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Arts & Life

Art And Music Are Popping Up Again At Kansas City's Streetcar Stops This Summer

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Julie Denesha
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Jade Green and Xavier perform together as the musical duo The Black Creatures. This summer, Art in the Loop's streetcar stop concert series brings musicians to delight commuters along the streetcar line -- or, in the case of rain, in nearby downtown buildings.

Kansas City's downtown becomes an open-air gallery and stage as Art in the Loop brings art installations and performances to streetcar stops after a pandemic hiatus.

In some ways, the fortunes and aspirations of downtown Kansas City can be traced through the themes of the annual Art in the Loop celebration, which brings visual arts, music and dance into the downtown districts for weeks each summer.

In 2016, the year Kansas City Streetcar line became operational, the theme was "Connect." In 2018, a boom year, it was "KC Plays."

In 2020, as downtown mostly sat moribund in the pandemic, the project went on hiatus. This year it is bouncing back. The theme: "Resilient."

“It's been a super, super difficult year for everyone in an uncountable number of ways,” says Jade Green of the musical duo duo The Black Creatures, one of the performance groups selected to entertain the downtown audience this summer.

“And so resilience speaks to us in so far as we had to get through this pandemic together and we're still working through it. We're not quite out of the woods yet.”

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Julie Denesha
A passenger gets a wave from a streetcar driver at the Metro Center stop. Artist Hector Garcia designed Jazz: The Resilient Spirit of Kansas City, as part of the Art in the Loop series. The streetcar shelter artwork "Silver Lining" was designed by artist Brittany Noriega.

For Xavier, the other half of The Black Creatures duo, resilience is about moving forward.

“As artists in Kansas City during a pandemic, I think that resilience would be like pushing through,” he says. “So we acknowledge, you know, the reality of the circumstances, but we don't say this is who we are now. We don't let these hardships define our identities, individually or as a whole.”

The nonprofit Art in the Loop was founded to commission public art to promote the ongoing revitalization of downtown Kansas City. Each year, artists and performers submit works based on a new theme. Art director Kyle Mullins says "resilient" clicked for him.

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Julie Denesha
Art in the Loop art director Kyle Mullins speaks with program director Ann Holliday at an opening event for artists and performers at in the Lightwell event space downtown.

“Coming out of this past year, I think that there was nothing more apropos to the moment than resilience and thinking about how we didn't just return to something, but that we lived through something and moved forward,” Mullins says.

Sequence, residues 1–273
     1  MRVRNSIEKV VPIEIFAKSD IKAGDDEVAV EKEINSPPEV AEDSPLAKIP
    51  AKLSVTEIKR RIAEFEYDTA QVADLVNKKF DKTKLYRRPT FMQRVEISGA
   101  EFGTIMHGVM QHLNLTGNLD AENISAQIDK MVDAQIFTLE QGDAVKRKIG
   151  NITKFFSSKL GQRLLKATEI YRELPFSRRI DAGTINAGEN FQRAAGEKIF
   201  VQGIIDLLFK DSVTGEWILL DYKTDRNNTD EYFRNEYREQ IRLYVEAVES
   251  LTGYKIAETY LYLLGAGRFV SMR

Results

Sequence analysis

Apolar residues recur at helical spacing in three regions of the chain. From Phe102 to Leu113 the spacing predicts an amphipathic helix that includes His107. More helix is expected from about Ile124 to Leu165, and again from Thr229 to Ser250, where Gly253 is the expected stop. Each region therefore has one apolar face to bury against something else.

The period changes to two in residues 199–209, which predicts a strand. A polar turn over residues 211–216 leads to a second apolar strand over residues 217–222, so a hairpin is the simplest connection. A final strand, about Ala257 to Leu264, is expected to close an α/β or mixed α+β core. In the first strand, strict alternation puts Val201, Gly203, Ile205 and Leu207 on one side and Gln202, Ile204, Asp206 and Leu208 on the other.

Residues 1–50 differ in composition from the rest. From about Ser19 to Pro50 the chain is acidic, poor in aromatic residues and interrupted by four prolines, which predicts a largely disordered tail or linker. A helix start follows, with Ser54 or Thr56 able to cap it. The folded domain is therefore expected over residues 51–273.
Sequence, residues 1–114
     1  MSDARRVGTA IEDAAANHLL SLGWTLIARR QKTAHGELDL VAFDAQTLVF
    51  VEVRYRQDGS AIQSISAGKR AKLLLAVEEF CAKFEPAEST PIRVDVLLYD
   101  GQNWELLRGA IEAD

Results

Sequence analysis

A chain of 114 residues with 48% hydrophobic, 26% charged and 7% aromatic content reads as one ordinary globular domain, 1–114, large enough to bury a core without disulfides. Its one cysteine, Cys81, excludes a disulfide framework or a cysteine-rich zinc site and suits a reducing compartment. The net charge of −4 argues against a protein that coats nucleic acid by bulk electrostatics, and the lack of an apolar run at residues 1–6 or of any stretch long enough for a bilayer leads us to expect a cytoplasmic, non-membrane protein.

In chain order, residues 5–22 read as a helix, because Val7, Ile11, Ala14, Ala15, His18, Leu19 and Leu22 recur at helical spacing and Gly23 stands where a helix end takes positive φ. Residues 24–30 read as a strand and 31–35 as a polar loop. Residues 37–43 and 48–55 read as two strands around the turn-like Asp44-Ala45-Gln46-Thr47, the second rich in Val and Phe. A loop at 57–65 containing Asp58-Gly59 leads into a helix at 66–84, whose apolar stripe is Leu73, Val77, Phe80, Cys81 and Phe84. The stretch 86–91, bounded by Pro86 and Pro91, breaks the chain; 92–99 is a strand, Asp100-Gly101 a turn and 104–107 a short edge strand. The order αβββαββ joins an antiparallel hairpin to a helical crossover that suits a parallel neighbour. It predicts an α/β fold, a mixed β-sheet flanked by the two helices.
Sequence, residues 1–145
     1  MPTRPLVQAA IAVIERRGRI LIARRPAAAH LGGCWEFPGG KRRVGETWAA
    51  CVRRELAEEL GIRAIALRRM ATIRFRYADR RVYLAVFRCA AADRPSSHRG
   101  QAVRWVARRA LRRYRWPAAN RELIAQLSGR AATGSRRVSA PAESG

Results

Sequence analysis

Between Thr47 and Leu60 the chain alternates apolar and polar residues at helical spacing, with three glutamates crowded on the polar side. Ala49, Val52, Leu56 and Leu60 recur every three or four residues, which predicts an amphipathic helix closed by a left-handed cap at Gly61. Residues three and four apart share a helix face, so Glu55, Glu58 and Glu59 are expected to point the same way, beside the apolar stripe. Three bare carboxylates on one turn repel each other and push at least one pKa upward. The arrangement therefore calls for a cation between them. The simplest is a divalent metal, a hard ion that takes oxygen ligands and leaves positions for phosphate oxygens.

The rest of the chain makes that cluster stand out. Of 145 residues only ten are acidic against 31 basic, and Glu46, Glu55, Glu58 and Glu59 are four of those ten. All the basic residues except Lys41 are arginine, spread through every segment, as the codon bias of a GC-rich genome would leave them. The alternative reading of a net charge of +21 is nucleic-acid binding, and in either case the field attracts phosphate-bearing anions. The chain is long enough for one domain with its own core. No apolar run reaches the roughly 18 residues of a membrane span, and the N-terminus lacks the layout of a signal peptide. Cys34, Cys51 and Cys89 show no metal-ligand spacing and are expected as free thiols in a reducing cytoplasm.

All summer long streetcar shelters are hosting ten colorful art installations. Mullins says the artwork engages with people in a direct way.

“Obviously, this is not an art exhibition that takes place in a gallery,” Mullins says. “This is public-facing artwork. Right? It's on the street. It's something that you walk by and experience.”

Mullins says the performance series will feature local musicians at various streetcar stops every Thursday through September 2, from 5 p.m. to 6:30 p.m. In addition, Art in the Loop teamed up with Making Moves to present two dance performances during the summer months.

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Julie Denesha
Passengers peel off face masks as they disembark from a streetcar at the Power and Light stop. Photographer Angie Jennings designed the artwork titled "Love Who You Love."

“These will be happy hour performances taking place right on Kansas City sidewalks, right where people are waiting to get on to the streetcar,” Mullins says. “So not only will people be coming out for the artists themselves but we're looking forward to catching people leaving the office or coming out to dinner or coming out to Power and Light for another event.”

Drummer Tyree Johnson performs with the jazz trio Everyday Strangers. The group played at Art in the Loop’s opening event.

“When you are a musician or an artist, part of the art is to be expressive,” Johnson says. “We're able to present people with an outlet — come with us, let's go to a new place together.”

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Julie Denesha
Nsikoh Bélé on bass , (from left) Tyree Johnson on drums and Vincent Orsolini on keyboard perform as the jazz trio Everyday Strangers. The group played at Art in the Loop’s opening event earlier this month.

Vincent Orsolini on keyboard says music is about transporting audiences.

“Everything we do, we try to bring people in so that we can share our knowledge and share a passion for music with everybody,” Orsolini says.

“And we really hope not just through the streetcar, but through the city, people will be able to hop on the wagon with us and get on that train and go really far, really, really far.”

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